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The number of regular bicycle commuters in NYC has exploded in the last several years. Bike lanes, separated or not, were a big part of it. And I've got news for those that say that there just isn't enough room in their city to carve out lanes - you've got a hell of a lot more room than us. Have some car-lovin' folks been pissed off here and there? You bet, but that seems to have been a desired result - bike lanes in NYC have been laid down to control (slow down) traffic and discourage driving just as much as they've been laid down to encourage cycling. One particularly contentious bike lane, which narrowed the street from three to two traffic lanes, resulted in lowering average automobile speeds by ~10 mph or so, which brought traffic back in line with the speed limit.

It can be done, and it can be done with not much more than some buckets of paint if the transportation czar has brass balls and a plan.
That's key. Most won't cause it will upset the majority and that will hurt his/her chances of getting re-elected
WC is the Debil.

shovelhd

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So you don't see our armed forces and foreign defense policy's in any way ensuring the cheap flow of oil to the United States?  Or are you of the belief that we put the Shaw of Iran in power because he was a such a good guy. Or that we overlook all the human rights issues in Saudi Arabia because of anything other than oil. Or that nearly all the 9/11 attackers were from SA.


If tomorrow this country stopped being the defacto security force for big oil they would have to do this for themselves.  Then the free market would decide on how they would get from point A to point B. People wouldn't live 45 miles from work, cities would be build more rapid transit. Would it happen over night no of course not but it would happen.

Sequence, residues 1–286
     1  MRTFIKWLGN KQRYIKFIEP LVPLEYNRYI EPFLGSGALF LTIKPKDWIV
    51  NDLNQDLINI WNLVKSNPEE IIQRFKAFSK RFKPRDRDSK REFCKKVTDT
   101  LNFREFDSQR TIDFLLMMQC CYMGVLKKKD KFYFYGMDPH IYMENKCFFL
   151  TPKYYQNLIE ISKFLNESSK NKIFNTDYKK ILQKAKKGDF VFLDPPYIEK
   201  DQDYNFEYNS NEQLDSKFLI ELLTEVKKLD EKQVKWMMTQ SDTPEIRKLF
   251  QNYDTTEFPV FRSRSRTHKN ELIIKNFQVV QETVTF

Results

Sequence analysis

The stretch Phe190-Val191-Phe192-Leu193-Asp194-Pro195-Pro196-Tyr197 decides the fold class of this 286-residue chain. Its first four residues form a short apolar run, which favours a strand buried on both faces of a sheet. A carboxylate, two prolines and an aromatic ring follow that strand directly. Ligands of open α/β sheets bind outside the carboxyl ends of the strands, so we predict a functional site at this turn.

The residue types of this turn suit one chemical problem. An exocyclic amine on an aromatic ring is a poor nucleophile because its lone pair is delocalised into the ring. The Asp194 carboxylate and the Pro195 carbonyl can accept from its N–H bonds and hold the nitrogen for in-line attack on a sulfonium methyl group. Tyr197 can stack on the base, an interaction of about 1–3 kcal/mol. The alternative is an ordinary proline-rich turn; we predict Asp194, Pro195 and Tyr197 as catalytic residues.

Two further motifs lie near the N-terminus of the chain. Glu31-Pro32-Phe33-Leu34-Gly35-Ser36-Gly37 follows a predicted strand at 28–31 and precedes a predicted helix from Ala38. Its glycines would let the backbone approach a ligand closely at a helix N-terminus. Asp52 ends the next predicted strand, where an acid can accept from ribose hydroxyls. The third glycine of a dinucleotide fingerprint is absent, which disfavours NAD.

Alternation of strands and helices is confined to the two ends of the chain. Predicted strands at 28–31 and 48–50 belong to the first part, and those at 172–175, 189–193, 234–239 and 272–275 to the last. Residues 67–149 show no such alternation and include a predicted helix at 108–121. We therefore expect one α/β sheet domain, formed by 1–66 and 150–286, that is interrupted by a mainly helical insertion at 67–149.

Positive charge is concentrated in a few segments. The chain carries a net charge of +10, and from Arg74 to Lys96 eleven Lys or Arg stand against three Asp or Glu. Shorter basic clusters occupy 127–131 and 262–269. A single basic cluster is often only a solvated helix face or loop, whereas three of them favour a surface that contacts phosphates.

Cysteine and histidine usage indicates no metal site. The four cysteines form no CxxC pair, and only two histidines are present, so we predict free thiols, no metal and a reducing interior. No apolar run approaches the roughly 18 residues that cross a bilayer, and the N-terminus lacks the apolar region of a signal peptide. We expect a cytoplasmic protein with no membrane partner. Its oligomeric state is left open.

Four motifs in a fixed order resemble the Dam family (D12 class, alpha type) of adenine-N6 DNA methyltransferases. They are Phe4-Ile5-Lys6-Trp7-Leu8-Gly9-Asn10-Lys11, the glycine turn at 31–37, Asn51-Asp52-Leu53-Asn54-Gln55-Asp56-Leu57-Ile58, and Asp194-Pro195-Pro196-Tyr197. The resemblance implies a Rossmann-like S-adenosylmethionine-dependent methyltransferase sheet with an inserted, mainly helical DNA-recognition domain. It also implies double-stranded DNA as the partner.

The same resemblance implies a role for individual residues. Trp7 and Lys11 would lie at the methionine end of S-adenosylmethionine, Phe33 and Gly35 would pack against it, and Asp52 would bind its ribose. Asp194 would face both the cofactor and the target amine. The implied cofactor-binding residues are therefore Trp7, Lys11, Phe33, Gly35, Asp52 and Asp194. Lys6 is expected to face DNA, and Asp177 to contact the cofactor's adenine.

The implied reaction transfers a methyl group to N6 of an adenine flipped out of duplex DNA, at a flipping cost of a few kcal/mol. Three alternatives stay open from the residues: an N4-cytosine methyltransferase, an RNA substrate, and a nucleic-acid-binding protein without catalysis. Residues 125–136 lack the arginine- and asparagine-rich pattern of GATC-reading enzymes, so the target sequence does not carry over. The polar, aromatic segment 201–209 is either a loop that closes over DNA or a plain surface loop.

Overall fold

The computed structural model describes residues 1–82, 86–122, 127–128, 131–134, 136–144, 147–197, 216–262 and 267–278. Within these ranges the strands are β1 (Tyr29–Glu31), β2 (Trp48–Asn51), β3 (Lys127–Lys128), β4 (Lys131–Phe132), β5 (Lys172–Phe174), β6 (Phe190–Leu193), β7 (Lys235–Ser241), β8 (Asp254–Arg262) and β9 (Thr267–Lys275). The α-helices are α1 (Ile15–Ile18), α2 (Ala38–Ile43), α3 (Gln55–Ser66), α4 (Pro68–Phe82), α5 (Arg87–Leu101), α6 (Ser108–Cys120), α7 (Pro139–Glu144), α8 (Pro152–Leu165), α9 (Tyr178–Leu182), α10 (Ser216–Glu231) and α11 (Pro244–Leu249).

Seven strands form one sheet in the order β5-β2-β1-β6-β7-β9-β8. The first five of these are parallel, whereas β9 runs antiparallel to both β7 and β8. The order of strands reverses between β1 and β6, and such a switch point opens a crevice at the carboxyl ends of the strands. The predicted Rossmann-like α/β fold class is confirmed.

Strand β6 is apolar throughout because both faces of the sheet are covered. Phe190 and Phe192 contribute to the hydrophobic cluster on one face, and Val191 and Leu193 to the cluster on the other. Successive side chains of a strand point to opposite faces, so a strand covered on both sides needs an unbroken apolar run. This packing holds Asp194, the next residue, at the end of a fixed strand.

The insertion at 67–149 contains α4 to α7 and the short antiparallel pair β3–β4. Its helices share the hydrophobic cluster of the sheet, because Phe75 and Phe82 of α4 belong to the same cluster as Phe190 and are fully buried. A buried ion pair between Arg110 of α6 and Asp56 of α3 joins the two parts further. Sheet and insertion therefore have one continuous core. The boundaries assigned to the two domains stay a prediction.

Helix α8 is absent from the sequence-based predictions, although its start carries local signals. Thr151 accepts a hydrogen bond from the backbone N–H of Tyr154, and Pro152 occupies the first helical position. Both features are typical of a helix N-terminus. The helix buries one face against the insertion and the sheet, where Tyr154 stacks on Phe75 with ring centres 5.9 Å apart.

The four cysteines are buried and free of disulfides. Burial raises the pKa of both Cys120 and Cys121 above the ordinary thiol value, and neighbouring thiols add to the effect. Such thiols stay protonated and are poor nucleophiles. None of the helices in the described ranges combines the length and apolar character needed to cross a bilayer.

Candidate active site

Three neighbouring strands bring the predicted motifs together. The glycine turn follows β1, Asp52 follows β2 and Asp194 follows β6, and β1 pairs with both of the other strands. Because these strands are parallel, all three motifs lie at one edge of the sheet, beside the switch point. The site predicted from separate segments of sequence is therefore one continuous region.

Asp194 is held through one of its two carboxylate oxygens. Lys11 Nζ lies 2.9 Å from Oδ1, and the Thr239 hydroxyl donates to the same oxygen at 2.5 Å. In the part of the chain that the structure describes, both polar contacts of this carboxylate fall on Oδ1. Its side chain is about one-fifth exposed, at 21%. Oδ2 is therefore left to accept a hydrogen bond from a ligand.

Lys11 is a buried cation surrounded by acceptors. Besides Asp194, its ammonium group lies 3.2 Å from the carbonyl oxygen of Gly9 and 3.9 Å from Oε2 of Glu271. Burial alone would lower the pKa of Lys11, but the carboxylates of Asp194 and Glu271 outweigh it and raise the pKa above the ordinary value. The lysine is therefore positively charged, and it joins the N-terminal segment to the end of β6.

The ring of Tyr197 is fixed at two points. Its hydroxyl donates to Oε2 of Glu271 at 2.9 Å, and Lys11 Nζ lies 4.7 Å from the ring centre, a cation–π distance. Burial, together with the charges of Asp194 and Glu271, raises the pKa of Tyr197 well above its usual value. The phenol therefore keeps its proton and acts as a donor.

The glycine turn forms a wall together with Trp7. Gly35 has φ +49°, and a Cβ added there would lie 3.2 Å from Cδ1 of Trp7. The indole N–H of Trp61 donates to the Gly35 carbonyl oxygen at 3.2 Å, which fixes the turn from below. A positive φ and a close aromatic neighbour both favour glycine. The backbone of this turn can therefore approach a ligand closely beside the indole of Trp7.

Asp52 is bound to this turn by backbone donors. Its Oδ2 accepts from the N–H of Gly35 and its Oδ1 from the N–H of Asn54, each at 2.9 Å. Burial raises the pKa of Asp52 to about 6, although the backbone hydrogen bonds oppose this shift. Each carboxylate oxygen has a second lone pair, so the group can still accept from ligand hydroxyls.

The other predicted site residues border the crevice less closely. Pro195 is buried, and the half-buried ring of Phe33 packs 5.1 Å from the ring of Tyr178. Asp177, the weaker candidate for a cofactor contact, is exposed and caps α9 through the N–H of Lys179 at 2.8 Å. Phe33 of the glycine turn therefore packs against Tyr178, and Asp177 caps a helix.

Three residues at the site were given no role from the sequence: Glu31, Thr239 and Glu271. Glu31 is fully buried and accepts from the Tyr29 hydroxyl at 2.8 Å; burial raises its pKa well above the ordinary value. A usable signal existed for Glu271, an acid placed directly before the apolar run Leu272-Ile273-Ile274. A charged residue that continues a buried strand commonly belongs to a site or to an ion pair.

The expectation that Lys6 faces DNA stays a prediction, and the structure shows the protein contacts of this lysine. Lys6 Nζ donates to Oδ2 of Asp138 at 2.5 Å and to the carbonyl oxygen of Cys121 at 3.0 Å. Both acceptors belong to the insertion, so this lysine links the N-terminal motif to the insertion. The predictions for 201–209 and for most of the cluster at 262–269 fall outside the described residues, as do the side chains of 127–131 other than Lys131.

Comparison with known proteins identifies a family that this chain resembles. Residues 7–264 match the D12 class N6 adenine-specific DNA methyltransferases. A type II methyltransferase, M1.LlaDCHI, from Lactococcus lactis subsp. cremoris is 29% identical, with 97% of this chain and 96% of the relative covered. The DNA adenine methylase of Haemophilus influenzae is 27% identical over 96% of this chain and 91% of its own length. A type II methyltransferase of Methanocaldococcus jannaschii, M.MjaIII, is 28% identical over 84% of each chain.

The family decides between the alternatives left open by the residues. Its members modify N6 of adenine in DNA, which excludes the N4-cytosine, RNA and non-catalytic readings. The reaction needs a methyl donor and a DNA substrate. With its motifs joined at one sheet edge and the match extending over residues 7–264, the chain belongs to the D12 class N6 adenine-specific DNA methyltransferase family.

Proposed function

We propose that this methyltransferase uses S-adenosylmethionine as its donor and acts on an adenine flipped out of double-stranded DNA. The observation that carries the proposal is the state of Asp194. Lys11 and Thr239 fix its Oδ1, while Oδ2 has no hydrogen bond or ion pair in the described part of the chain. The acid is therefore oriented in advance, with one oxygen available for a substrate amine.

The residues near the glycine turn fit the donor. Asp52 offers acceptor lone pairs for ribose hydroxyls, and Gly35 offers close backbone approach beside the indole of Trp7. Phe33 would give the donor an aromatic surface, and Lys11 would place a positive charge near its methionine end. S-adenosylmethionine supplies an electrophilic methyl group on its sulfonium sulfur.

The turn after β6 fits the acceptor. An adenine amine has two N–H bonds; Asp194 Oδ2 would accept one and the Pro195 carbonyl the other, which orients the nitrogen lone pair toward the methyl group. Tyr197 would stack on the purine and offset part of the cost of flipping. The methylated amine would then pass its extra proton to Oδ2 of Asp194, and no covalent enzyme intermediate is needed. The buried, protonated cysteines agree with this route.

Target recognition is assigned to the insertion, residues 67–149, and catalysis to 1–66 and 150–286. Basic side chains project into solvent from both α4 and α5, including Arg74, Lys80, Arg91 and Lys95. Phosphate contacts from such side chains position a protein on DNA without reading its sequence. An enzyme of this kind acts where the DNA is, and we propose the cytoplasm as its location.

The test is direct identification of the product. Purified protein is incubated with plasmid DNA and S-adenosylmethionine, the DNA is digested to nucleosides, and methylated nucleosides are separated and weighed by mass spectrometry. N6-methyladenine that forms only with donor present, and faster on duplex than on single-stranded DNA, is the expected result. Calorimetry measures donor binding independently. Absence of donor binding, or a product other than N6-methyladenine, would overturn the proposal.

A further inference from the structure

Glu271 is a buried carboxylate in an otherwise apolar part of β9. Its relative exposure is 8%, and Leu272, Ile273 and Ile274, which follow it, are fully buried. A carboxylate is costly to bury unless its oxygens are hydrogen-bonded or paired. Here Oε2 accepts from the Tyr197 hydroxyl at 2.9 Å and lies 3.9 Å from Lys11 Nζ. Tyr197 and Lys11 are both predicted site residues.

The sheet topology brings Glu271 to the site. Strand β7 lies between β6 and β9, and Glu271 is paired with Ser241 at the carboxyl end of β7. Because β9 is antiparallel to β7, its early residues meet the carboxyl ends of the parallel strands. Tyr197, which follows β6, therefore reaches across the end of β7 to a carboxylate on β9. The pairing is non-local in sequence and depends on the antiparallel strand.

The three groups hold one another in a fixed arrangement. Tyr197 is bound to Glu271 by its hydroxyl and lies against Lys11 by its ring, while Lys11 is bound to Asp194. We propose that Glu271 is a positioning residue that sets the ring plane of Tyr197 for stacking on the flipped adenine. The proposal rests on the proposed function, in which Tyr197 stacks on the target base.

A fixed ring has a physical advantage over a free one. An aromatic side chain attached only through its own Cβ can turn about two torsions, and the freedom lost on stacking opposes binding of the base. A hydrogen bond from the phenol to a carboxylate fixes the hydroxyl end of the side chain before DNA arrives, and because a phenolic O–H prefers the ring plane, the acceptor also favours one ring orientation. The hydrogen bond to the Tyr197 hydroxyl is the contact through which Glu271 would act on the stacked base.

I love the right when you point out that this is how they claim the free market should work but baulk at the notion that it should be forced on Big Oil.  Or defense contractors.


No I don't. I simply do not believe that the price of oil is primarily dictated by our political relationship with the Middle Eastern oil producing countries, and all the stuff you imply that revolves around that. I think that's a simplistic, myopic view. Please note that I do not believe that you are a simplistic, myopic person. Quite the opposite. You are a bright, intellectually captivating person. I am referring only to the argument that you are making.

The price of oil and oil products is complex, too complex to distill into a simple political argument. A significant chunk of our oil comes from a cartel over which we have little to no influence. The price of oil in America as primarily driven by commodities speculators, who can give any reason under the sun for why they think oil futures should go up or down. These are the people that directly affect your everyday life by altering you household cash flow. Those are the people you should be angry at.

Removing the political angle, you're preaching to the choir here. Remember that, when I can, I commute to work by bike, under almost any conditions. I built a bike specifically for commuting, so that I can commute in the dark, in the winter, down to the teens. I am passionate about bicycle commuting. I would gladly pay, say, 5 cents more per gallon of gas if I knew that at least half of the money would go directly to building more bike paths, support bike share programs, cycling clubs, etc. The problem with the gas tax, like almost every other tax, is that it never really goes to the intended use. It just becomes another tax.

Of course, we all know that the real reason that I disagree with you is because I don't want the roads clogged with Freds on bikes like 1950's Shanghai.

Quel

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The price of oil is like anything else.  Supply and demand.  Tons of demand and limited supply.  It makes for volatile and elastic situation, where speculators and relatively minor supply disruptions can play bigger roles than you'd think.  I don't think that either speculators or mid-east policy are the primary drivers, but both are big factors. 

The federal gas tax goes almost entirely in to the Highway Trust Fund, so its one you don't have to worry about from that angle.  None of it goes to the general coffers to be available for anything else.